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“Potato Project” Harvests Fresh Spuds For Foodbanks
“Our goal is to donate 1 million pounds of potatoes and other fresh vegetables a year to local foodbanks,” says Linda Zawaski about The Potato Project she and her husband Walt started in 2009. The Pennsylvania couple got the idea after reading a news story about a farmer who let people glean his fields after harvest.
“We had a little bit of acreage and we thought we could do something with that,” she recalls. Walt planted a few acres of potatoes and Linda connected with local churches to recruit volunteers to help harvest and bag the potatoes.
With limited acres to work with, the project may have ended that first year, without the “blessings from the Holy Spirit,” Zawaski says. A pastor from another church saw the Potato Project sign at the end of the driveway and stopped in to ask about it. He offered 12 acres for the project.
Since then the acreage each year has varied but reached about 75 acres one year and they’ve had as many as 1,000 volunteers. Besides potatoes, the group has added other crops, including sweet corn, carrots, and beans.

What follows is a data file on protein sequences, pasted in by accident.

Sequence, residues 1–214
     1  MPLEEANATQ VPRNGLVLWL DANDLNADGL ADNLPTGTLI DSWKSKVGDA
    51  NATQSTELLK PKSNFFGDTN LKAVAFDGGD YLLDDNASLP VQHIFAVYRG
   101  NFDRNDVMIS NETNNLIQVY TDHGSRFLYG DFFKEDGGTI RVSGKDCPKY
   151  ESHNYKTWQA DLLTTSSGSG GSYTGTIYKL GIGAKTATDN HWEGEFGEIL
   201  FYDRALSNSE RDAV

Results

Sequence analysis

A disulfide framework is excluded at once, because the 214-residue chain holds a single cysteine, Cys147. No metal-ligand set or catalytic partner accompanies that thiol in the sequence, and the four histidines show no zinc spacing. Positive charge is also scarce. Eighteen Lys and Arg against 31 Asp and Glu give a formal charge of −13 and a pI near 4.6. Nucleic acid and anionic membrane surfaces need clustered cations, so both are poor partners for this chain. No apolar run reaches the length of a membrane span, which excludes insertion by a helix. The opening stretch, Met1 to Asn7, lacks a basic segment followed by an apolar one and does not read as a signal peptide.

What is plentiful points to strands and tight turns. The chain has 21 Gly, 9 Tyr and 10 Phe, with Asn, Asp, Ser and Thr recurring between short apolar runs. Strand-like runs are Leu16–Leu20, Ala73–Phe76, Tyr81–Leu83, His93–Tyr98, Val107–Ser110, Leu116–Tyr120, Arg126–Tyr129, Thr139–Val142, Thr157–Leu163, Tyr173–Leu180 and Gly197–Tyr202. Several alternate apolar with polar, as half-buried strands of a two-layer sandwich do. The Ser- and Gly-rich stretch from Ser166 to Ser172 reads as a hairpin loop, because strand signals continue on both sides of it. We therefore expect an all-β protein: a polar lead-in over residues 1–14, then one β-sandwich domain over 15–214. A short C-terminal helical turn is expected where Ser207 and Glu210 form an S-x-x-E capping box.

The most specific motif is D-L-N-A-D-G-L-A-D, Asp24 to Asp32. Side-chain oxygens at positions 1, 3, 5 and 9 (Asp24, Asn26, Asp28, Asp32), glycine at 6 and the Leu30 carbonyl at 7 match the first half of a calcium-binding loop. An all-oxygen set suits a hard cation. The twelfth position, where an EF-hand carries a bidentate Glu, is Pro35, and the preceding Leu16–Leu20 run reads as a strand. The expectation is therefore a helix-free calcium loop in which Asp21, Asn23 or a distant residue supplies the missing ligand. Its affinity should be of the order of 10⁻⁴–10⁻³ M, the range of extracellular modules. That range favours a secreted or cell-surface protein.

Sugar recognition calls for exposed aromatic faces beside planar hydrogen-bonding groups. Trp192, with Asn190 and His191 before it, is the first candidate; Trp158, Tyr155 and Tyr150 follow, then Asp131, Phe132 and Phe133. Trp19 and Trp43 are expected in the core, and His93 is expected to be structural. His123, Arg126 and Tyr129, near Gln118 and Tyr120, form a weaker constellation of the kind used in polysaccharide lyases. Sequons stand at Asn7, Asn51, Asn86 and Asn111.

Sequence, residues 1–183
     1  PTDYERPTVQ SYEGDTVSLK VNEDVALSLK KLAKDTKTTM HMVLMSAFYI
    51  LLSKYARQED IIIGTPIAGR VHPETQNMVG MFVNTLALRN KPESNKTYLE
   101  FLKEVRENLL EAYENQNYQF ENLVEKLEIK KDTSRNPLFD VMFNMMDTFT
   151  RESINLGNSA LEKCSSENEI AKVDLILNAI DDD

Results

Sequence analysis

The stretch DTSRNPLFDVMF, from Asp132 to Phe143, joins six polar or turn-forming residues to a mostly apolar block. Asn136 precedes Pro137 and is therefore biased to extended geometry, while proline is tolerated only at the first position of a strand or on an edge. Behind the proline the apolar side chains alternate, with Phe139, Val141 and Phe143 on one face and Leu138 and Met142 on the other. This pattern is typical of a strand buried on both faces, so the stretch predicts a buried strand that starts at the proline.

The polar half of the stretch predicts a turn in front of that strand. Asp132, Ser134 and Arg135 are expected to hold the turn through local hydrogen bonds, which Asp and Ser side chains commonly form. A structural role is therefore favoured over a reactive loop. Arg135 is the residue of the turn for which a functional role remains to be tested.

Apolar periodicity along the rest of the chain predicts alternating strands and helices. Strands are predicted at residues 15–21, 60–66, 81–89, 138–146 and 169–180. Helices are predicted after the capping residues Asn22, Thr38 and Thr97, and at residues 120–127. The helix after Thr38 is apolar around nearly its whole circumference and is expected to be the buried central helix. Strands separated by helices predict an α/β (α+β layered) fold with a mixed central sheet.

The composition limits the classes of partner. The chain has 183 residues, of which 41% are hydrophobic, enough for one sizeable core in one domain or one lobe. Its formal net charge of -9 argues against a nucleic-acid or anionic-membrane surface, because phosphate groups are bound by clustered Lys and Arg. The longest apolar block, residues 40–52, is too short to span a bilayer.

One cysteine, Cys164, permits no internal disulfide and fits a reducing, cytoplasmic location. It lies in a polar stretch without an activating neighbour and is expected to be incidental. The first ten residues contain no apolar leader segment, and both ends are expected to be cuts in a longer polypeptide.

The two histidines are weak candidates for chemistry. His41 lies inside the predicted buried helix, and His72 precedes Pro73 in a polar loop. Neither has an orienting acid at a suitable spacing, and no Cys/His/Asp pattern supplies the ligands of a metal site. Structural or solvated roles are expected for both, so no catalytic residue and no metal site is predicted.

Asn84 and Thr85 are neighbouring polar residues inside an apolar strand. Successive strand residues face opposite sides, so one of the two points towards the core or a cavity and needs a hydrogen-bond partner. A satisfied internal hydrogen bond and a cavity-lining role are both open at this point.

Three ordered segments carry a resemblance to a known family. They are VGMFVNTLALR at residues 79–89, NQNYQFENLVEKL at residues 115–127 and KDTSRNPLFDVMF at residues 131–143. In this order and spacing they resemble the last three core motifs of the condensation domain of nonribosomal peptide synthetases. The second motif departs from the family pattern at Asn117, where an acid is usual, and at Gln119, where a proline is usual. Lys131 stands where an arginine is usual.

“It’s a big help to the food bank. They have been increasing the amount of fresh food products they provide,” Zawaski says.
She and other helpers feed a simple lunch to people who help harvest. It includes french fries cut fresh from the potatoes.
“This started as a faith-based project. It has become a family and multigenerational event with various denominations and different clubs and even people from nearby colleges. We are blessed to spend time together,” Zawaski says. Volunteers choose from different harvest weekends to help. The Potato Project continues to attract new volunteers including FARM SHOW reader Phil Whitmoyer.
“When I saw how their organization works, I was somewhat blown away. They have been adapting whatever equipment becomes available to them to get the job done,” he says. “Perhaps readers might have extra equipment they could donate. Some of their newer equipment is 1940’s vintage, so there is a lot of room for improvement.”
Other than a new Kubota tractor that was donated, the equipment is old, including tractors, planters, and harvesting equipment. In addition to vegetables, some row crops are planted to sell to help fund the non-profit organization’s needs. Its website includes a wish list of items to make planting/harvesting more efficient. Cash donations are welcome as well.
Contact: FARM SHOW Followup, IHartHarvest, Inc., The Potato Project, 1892 Moselem Springs Rd., Hamburg, Penn. 19526 (ph 484 648-0381; www.IHartHarvest.org; IHartHarvest@gmail.com).

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2019 - Volume #43, Issue #6